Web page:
Bob Shade exemplifies the adage “Imitation is the sincerest form of flattery.” The guitar builder has an enviable assortment of ’60s Hallmark guitars and basses, and they’ve inspired his own creations.
Hallmark was founded by Joe Hall (1938-2011), a former Mosrite employee who in 1965 opened a shop in Arvin, California, just down the road from Mosrite headquarters in Bakersfield. Hallmark’s signature model was the Swept-Wing, a modernistic instrument with a silhouette that resembled the “scoop” on the side of a Corvette body.
Hall dressed his instruments with certain Mosrite parts such as strap buttons and bridge saddles, and had an informal partnership with another Mosrite defector, Bill Gruggett (1937-2012), who in the late ’60s also made instruments bearing his surname. Decades later, Hall and Gruggett were affiliated with Shade’s modern Hallmark venture.
Hallmark’s early lineup consisted of solidbody guitars and basses made from alder or mahogany. Their bolt-on maple neck was two-piece laminate and the fretboards were rosewood with a zero fret; guitars had a 25.5″ scale, basses were 30″.
“It was a great neck, because if you sliced [the wood] in two pieces, reversed one, then glued them together, its stability was as good as a quartersawn neck,” said Shade, who also noted the interesting chronology of their pickups.
“Joe designed them in 1966 with alnico magnets running through the top of the cover to the bottom of the pickup,” he said. “It was similar to what Fender was doing at the time, but in a very Bakersfield sort of way.” But, after being threatened with legal action for the design, in ’67 Hall reverted to a design he’d been using since his early days as a builder in the late ’50s.
“That pickup had adjustable pole pieces and two flat alnico magnets under the coil,” said Shade. “Joe had made some of this style when he was commissioned to build several prototypes for Standel. He’d also used the design for the Sterling brand of guitars he made in the early ’60s, which were hand-built with fancy scrolls, hand-formed aluminum hardware, and fancy plexiglas pickguards.”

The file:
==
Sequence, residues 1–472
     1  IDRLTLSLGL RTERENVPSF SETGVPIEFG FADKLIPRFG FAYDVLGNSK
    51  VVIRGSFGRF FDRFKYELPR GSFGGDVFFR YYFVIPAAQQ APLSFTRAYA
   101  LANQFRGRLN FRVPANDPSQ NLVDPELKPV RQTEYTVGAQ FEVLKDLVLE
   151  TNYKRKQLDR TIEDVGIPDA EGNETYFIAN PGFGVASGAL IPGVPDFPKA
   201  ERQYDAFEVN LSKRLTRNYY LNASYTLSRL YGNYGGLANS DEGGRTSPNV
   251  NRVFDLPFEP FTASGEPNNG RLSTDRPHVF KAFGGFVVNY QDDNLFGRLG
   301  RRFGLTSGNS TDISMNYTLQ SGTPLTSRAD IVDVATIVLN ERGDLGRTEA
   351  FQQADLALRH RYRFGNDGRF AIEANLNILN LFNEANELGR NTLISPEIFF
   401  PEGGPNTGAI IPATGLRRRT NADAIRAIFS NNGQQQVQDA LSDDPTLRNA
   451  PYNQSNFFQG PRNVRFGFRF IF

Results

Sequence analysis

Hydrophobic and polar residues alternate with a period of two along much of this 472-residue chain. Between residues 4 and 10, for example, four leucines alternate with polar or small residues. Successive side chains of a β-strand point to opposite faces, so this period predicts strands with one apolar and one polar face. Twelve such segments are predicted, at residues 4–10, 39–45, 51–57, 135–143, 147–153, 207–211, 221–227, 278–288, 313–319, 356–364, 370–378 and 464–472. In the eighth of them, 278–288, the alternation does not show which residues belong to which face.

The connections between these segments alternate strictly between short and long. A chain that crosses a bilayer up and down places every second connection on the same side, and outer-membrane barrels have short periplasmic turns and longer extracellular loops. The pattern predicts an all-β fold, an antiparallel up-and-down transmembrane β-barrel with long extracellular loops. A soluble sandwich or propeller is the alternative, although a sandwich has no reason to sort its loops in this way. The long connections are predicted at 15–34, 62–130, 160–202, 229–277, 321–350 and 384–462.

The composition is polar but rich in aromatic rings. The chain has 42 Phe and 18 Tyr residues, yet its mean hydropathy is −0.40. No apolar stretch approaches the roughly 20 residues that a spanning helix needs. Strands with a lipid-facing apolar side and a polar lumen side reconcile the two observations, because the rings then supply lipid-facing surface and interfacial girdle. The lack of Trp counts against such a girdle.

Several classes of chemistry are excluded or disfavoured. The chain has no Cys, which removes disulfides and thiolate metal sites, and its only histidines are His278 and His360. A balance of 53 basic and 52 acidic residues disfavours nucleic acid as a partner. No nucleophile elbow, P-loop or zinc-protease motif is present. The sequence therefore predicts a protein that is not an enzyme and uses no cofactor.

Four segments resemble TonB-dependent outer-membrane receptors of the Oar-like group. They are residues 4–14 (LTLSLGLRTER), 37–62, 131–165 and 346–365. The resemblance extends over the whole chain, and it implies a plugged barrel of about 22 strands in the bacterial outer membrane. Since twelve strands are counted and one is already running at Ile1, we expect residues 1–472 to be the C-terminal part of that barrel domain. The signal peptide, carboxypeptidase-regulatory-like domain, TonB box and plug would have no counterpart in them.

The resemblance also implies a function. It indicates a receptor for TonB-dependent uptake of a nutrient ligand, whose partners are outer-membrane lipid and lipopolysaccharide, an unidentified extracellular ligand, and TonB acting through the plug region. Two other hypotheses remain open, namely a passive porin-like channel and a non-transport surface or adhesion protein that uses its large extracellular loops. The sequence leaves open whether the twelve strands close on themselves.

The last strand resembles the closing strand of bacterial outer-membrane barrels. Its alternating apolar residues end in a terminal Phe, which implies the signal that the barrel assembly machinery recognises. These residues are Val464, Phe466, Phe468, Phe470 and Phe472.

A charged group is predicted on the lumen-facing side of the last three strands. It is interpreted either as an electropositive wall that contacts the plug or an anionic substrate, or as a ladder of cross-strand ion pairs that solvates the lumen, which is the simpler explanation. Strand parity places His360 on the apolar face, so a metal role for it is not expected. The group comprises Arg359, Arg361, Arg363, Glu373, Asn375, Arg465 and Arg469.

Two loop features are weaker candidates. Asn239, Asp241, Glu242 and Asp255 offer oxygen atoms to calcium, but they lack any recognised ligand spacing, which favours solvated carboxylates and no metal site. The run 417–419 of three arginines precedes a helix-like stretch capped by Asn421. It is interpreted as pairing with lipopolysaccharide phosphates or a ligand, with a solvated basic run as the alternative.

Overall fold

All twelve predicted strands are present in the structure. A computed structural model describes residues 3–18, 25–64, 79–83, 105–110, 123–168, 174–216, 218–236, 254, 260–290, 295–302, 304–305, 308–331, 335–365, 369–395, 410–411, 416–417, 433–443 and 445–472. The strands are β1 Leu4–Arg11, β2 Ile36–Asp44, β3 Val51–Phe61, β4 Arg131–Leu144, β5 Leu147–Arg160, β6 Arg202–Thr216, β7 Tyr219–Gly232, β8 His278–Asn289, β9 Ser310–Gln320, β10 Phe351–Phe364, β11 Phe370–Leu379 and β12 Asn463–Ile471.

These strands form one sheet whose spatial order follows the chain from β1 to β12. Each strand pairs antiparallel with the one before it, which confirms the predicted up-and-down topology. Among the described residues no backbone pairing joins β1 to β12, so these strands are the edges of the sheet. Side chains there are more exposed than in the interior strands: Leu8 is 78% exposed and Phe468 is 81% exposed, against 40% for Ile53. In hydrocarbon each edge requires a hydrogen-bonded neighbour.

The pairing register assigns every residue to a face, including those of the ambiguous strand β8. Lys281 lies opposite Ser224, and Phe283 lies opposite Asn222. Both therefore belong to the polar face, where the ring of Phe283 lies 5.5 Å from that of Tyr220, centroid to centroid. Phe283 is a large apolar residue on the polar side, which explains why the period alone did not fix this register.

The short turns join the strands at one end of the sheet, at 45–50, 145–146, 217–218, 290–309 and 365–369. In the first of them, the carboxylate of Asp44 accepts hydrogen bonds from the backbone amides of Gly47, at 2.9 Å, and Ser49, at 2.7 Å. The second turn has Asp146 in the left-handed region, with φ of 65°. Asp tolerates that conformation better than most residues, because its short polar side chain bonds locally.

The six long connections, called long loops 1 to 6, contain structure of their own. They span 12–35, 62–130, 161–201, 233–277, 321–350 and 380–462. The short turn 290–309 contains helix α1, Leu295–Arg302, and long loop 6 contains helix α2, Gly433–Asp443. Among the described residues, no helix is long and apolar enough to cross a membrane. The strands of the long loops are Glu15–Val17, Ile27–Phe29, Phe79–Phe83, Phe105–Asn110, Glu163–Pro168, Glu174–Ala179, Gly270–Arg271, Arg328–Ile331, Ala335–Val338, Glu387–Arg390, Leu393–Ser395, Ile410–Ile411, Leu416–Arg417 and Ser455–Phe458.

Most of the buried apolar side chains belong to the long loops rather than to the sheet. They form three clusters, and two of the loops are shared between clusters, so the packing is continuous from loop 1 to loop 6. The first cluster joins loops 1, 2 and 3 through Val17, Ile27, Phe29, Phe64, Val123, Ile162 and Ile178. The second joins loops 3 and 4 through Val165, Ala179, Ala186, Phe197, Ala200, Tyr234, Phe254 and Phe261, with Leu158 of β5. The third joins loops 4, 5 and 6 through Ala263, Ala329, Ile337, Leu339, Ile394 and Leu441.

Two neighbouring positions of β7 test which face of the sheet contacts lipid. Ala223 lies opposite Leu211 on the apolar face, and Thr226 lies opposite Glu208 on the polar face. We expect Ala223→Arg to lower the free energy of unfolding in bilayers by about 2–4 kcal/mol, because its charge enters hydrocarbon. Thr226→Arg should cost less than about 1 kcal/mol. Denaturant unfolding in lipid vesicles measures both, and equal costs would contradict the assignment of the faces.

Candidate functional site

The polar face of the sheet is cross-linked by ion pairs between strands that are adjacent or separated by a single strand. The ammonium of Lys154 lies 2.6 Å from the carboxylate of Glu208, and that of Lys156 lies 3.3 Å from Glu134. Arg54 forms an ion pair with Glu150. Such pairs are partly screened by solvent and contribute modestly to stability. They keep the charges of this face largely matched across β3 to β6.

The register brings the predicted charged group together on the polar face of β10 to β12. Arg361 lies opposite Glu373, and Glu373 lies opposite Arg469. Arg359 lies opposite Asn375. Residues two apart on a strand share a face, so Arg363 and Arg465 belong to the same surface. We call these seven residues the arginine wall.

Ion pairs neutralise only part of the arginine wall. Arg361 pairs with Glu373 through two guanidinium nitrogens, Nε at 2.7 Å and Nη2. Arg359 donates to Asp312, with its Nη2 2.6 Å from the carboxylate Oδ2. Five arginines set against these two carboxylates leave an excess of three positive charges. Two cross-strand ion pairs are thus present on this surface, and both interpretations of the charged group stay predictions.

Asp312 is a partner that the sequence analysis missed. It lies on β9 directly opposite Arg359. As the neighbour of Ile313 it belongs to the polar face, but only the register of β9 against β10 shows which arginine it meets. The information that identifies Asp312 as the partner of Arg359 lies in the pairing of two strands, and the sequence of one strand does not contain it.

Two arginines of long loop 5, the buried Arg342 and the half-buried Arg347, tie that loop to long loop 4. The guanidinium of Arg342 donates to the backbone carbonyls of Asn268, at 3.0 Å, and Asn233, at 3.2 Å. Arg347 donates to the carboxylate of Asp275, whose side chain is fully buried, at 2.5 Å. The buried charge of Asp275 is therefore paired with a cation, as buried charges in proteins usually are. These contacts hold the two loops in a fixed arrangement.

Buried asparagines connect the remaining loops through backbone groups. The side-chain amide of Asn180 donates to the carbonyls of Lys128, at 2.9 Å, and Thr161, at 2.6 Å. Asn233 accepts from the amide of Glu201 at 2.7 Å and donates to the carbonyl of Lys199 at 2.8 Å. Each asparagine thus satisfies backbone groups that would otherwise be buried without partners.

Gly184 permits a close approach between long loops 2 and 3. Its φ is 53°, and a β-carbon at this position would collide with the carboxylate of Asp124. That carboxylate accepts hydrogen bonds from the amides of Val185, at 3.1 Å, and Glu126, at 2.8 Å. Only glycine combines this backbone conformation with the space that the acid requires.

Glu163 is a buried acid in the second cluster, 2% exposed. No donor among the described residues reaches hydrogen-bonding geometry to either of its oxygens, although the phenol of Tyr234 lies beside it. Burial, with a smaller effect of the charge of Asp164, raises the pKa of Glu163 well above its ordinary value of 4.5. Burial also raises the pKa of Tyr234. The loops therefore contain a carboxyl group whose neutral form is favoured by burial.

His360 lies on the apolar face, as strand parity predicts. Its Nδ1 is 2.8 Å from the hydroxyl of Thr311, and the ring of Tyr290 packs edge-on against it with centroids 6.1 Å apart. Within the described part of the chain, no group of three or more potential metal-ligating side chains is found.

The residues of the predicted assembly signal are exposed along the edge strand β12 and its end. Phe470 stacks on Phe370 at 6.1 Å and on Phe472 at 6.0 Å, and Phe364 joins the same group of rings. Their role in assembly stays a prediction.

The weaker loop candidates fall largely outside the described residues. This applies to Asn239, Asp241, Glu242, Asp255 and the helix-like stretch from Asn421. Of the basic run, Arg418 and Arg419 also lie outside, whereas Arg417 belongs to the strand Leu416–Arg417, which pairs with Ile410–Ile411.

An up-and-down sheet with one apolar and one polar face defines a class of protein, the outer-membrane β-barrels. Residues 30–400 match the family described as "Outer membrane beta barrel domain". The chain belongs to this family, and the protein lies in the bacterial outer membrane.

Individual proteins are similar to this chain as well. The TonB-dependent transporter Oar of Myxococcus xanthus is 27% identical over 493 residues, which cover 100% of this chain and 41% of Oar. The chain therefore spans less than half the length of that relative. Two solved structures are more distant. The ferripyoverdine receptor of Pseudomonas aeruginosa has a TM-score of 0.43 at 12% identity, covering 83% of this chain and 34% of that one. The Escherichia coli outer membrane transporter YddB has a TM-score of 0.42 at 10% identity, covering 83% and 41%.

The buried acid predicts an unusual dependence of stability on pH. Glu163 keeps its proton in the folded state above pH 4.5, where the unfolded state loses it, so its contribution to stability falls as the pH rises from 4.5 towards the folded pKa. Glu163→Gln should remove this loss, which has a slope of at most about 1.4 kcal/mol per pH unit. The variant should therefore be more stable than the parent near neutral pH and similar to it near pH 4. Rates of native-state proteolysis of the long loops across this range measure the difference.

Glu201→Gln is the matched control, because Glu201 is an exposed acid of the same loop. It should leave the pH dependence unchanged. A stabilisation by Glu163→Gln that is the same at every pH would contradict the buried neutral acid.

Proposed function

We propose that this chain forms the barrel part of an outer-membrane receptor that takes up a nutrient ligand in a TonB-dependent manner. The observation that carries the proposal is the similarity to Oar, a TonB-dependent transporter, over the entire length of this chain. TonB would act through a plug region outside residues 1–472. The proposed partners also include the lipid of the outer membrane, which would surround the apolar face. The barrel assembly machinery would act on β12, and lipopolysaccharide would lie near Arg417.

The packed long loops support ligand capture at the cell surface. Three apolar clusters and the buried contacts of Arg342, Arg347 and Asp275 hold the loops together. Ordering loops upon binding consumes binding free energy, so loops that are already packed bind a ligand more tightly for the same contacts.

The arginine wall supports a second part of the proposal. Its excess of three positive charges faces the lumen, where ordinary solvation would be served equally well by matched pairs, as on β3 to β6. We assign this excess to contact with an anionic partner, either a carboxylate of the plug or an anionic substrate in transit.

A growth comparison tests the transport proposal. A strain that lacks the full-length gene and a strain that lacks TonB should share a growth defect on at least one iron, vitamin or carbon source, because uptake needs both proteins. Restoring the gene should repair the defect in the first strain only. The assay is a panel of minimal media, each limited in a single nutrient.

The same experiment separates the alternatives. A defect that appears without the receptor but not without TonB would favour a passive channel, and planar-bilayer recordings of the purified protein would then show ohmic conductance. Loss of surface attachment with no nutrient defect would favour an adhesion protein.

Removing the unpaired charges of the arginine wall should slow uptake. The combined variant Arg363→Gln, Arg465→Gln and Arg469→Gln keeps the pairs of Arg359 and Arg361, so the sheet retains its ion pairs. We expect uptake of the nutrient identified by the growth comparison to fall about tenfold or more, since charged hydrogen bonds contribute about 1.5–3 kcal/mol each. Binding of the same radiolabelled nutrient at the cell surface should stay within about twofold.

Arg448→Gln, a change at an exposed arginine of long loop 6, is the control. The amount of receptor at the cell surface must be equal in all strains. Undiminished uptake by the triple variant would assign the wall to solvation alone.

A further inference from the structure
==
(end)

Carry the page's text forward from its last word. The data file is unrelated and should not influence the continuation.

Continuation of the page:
Swept-Wing guitars were originally marketed as solid-tailpiece “Pro” models and “Deluxe” models with (outsourced) vibrato tail pieces.
“Hallmark was not set up in the early days for their own vibrato system,” Shade detailed. “The first Swept-Wing guitar with one had a Kapa vibrato and bridge, made in Hyattsville, Maryland. Joe ultimately decided not to use Kapa hardware, and instead went with a Japanese tailpiece that was similar to Fender’s design. Later, he had a local machinist replicate the Japanese one, but it was heavier and worked better than the earlier Japanese vibratos.”
An early black solidbody Swept-Wing in Shade’s collection has a ’66-style neck-position pickup with non-adjustable pole pieces and a ’67-style pickup in the bridge.
“It’s the only one I’ve ever seen like that,” he said. “I wonder if it was built for someone special, or did they run out of ’66 pickups that day? It’s anybody’s guess.”
In 1967, Hallmark began to make semi-hollow Swept-Wing guitars and basses (labeled as “acoustic” on an order form) by routing solid bodies and covering them with a veneer of marine-grade laminated maple. It also briefly flirted with making a Swept-Wing for a brand called Epcor, started by Ed Preager, who otherwise used thinline hollow bodies imported from Italy with symmetrical cutaway horns (similar to a Gibson ES-335). Though a prototype was made, it went no further.
Hallmark tried advertising its line in appropriate periodicals, and one ad in an issue of Hullabaloo magazine proclaimed the Doors used the brand. By the time that periodical changed its name to Circus in 1969, Hallmark had already foundered, as had the Gruggett brand. Mosrite’s chronology would continue through the ensuing decades and ultimately include factories in North Carolina and Arkansas.
Shade is still fascinated by such brands and models, and still seeks examples from the Bakersfield area’s unique place in American guitar history.
Special thanks to Bob Shade for providing photos.
This article originally appeared in VG July 2016 issue. All copyrights are by the author and Vintage Guitar magazine. Unauthorized replication or use is strictly prohibited.